Admittedly, on the face of it, this doesn’t seem like a must read. But when it comes to church history, we should, as Karl Barth once penned, “honor our father and mother.” The Church History ABCs helps us to recognize that Christ’s promise to build his church was instituted before us and will continue beyond us. It does so by highlighting men and women from the annals of history that God has used to enact and participate in the Great Commission. If you’re feeling especially nerdy, check out the follow up book, Reformation ABCs: The People, Places, and Things of the Reformation.


One of the primary roles of the Christian parent is to—in the spirit of Archibald Alexander—place firewood on the hearth of our children’s hearts, so that when the Spirit of God strikes, their souls may be set ablaze. A sure way of doing this is to make certain that you’re continually stacking up logs of truth: through catechetical instruction, family worship, and equipping them with quality resources. That being said, Merry Christmas and Happy Reading!

Paul, His Cloak, And His Books

As one who spends the majority of his day pouring over books, I have long been encouraged by this homily from the Prince of Preachers himself, Charles Spurgeon, on an oft neglected verse (2 Tim. 4:13). When I find myself overwhelmed, with the words of Qoheleth ringing in my ear (Eccles. 12:12), I typically run here for balm. “When you come, bring the cloak that I left with Carpus at Troas, also the books, and above all the parchments” (2 Timothy 4:13).

We do not know what the books were about, and we can only form some guess as to what the parchments were. Paul had a few books which were left, perhaps wrapped up in the cloak, and Timothy was to be careful to bring them. Even an apostle must read…He is inspired, and yet he wants books! He has been preaching at least for thirty years, and yet he wants books! He had seen the Lord, and yet he wants books! He had had a wider experience than most men, and yet he wants books! He had been caught up into the third heaven, and had heard things which it was unlawful for a men to utter, yet he wants books! He had written the major part of the New Testament, and yet he wants books! The apostle says to Timothy and so he says to every preacher, “Give thyself unto reading.” The man who never reads will never be read; he who never quotes will never be quoted. He who will not use the thoughts of other men’s brains, proves that he has no brains of his own. Brethren, what is true of ministers is true of all our people. You need to read. Renounce as much as you will all light literature, but study as much as possible sound theological works, especially the Puritanic writers, and expositions of the Bible. We are quite persuaded that the very best way for you to be spending your leisure, is to be either reading or praying. You may get much instruction from books which afterwards you may use as a true weapon in your Lord and Master’s service. Paul cries, “Bring the books”—join in the cry…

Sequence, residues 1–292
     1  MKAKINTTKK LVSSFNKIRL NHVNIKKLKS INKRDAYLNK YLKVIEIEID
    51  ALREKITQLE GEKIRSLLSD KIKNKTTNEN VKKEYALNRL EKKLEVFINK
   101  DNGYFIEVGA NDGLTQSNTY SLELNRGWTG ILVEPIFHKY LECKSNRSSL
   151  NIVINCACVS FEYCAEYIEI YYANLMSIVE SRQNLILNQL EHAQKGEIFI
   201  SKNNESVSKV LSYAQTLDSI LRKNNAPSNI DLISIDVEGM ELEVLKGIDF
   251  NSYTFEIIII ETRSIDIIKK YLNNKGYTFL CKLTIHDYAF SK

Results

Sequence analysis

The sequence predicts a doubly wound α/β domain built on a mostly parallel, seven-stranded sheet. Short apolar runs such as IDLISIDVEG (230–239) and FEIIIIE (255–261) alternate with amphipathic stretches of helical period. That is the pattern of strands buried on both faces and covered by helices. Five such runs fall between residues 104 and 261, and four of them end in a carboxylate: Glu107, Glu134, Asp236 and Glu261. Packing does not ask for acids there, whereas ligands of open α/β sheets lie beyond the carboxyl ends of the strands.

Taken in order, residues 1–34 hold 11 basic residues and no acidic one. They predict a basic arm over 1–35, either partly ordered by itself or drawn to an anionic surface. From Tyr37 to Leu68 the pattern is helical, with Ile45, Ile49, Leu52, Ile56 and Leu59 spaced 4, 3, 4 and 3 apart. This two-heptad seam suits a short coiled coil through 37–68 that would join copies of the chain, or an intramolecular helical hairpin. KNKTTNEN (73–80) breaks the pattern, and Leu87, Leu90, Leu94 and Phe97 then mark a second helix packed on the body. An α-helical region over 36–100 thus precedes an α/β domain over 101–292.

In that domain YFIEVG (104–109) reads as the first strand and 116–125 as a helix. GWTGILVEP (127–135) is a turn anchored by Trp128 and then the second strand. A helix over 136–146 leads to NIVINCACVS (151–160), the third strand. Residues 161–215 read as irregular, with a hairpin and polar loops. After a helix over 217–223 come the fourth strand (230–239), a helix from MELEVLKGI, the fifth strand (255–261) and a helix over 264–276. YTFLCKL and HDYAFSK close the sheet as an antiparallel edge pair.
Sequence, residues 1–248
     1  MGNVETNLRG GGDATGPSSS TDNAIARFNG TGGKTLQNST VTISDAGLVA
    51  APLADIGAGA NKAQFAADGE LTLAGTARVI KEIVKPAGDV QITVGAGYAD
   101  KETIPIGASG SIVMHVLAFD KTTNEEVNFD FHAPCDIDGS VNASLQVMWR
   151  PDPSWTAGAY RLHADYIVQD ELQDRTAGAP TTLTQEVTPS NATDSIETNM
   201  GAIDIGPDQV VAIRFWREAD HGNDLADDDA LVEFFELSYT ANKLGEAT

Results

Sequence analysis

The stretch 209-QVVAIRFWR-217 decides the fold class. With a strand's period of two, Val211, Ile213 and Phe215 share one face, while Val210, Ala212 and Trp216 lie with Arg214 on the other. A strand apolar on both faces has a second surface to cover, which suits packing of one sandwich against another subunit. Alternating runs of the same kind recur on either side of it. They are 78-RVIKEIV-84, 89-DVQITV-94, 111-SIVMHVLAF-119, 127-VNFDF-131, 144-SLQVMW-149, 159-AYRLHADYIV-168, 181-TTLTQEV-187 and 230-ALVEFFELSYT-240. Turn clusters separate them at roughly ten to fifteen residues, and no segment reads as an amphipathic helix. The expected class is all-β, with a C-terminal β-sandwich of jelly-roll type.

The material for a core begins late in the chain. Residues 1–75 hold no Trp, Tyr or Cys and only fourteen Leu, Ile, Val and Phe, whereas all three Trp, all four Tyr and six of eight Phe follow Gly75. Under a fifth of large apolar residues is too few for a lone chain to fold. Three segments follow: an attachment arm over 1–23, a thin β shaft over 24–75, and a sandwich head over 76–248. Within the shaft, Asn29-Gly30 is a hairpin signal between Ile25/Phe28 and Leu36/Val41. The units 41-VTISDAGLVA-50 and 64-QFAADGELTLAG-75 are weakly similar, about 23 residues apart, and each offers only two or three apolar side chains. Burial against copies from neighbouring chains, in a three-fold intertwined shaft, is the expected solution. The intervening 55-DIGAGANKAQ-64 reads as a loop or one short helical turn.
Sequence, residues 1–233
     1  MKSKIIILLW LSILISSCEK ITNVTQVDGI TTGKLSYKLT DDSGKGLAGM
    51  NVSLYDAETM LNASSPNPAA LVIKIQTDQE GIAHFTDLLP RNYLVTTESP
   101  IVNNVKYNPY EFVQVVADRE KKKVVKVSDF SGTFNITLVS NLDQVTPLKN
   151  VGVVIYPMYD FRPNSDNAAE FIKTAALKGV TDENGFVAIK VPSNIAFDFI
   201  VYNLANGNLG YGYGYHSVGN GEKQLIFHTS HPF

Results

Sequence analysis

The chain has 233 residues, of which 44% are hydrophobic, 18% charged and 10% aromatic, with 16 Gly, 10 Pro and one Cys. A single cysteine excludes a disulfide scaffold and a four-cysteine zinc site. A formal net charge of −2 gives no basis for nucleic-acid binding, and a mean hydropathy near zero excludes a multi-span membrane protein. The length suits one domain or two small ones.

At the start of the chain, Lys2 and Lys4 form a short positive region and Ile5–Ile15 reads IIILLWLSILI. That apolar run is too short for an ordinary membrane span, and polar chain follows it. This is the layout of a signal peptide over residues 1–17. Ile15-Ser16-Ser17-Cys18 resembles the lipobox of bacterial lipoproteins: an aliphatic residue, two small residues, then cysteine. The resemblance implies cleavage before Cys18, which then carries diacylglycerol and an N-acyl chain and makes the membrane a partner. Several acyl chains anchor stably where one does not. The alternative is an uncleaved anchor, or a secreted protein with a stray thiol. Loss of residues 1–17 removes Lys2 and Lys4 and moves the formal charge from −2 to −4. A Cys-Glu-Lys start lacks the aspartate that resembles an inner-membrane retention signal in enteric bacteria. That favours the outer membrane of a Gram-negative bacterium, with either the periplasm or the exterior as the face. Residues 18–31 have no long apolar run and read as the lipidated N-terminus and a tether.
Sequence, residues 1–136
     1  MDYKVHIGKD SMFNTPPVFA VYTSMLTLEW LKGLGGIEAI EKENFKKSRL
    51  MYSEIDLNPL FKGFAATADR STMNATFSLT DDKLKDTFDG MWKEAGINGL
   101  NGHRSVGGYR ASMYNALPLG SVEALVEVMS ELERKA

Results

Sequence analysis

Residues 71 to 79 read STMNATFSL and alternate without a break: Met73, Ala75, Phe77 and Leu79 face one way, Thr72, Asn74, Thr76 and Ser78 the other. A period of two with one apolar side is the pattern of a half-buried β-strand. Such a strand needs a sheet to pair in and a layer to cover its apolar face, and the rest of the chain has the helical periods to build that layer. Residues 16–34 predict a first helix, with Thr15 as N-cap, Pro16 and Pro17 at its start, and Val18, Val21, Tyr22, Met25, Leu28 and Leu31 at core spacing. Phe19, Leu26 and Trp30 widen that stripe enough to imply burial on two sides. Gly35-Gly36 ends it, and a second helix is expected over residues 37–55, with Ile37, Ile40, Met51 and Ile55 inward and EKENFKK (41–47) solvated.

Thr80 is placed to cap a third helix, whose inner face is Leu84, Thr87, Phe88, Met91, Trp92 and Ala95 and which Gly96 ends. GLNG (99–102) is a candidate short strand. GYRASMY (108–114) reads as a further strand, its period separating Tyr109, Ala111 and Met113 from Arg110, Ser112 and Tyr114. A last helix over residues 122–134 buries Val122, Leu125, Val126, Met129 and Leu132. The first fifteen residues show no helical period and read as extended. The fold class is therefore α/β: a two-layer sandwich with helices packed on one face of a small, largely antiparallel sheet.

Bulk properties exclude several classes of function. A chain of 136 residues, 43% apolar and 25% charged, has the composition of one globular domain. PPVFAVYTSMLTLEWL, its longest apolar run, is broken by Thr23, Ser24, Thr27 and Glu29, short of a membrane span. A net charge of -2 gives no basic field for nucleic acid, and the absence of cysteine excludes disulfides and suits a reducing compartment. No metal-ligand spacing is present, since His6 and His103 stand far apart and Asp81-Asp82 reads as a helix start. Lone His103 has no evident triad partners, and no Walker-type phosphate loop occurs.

Spurgeon believed the parchments to be the Holy Scriptures. He urged that Paul’s particular emphasis for the parchments (“especially” or “above all”) shows a level of commitment to the Word of God over all other forms of literature.

Persons read the views of their denominations as set forth in the periodicals; they read the views of their leader as set forth in his sermons or his works, but the Book, the good old Book, the divine fountain-head from which all revelation wells up—this is too often left. You may go to human puddles, until you forsake the clear crystal stream which flows from the throne of God. Read the books, by all manner of means, but especially the parchments. Search human literature, if you will, but especially stand fast by that Book which is infallible, the revelation of our Lord and Savior Jesus Christ.

A selection from, Paul—his Cloak and his Books. Delivered on November 29th, 1863, at the Metropolitan Tabernacle, Newington (italic emphasis original, bold emphasis mine).

My Top 10 Books

I have been wanting to put together a list of books that have had the most impact on me through the years (outside of the Bible). In no particular order and without further adieu, here are my top ten:

1. 'The Knowledge of the Holy’ by A. W. Tozer

2. ‘Institutes of the Christian Religion' by John Calvin

3. ‘A Call to the Unconverted to Turn and Live’ by Richard Baxter

4. ‘The Screwtape Letters’ by C.S. Lewis

5. ‘Religious Affections’ by Jonathan Edwards

6. ‘Original Sin’ by Jonathan Edwards

7. ‘Spiritual Disciplines for the Christian Life’ by Donald Whitney

8. ‘Orthodoxy’ by G. K. Chesterton

9. ‘Till We Have Faces’ by C.S. Lewis

10. ‘To Kill a Mockingbird’ by Harper Lee

What books have had the greatest impact on you?